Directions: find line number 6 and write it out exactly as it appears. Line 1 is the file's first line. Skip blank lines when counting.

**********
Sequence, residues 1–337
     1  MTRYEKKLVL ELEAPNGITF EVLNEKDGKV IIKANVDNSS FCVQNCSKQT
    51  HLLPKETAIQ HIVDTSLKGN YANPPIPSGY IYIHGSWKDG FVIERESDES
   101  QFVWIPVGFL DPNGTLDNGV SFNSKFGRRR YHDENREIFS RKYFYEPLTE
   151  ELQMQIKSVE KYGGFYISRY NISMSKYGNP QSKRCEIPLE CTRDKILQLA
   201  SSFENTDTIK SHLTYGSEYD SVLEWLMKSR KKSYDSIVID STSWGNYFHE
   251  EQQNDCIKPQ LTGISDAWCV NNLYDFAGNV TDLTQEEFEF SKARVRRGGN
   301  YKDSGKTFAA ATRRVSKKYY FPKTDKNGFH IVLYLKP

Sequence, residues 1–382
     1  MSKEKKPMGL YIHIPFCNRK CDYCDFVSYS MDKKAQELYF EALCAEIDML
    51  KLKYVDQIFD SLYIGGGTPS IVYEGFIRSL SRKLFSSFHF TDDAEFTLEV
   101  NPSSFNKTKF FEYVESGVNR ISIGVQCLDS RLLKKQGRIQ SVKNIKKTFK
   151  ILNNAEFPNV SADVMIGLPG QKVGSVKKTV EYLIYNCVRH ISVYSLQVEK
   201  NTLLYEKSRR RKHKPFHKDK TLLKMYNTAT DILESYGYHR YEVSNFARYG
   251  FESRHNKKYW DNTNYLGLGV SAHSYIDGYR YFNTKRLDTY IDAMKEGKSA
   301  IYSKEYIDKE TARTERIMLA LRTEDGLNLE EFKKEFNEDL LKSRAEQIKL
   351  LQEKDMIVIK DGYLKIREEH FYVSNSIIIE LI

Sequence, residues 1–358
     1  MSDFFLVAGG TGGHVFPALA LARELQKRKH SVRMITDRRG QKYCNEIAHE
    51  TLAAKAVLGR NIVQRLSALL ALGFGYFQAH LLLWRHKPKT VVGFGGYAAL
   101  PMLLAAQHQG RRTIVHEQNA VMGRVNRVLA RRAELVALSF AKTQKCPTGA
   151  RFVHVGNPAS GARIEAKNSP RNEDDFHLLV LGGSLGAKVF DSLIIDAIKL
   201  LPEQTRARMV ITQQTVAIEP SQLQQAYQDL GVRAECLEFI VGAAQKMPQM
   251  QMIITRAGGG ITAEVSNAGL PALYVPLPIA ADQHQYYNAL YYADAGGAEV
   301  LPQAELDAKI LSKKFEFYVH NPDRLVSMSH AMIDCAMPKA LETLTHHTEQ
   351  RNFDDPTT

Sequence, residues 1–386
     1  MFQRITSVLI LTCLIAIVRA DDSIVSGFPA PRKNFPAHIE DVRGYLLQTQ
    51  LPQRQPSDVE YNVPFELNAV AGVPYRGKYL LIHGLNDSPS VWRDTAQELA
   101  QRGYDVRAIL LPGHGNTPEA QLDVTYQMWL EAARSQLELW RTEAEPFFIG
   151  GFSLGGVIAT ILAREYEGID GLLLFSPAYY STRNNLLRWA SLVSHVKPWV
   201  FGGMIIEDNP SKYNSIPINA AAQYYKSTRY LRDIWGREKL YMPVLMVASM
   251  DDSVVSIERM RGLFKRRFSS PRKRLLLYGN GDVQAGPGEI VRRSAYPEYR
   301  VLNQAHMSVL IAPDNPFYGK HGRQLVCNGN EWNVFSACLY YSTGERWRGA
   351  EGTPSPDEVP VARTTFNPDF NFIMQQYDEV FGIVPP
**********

   201  SSFENTDTIK SHLTYGSEYD SVLEWLMKSR KKSYDSIVID STSWGNYFHE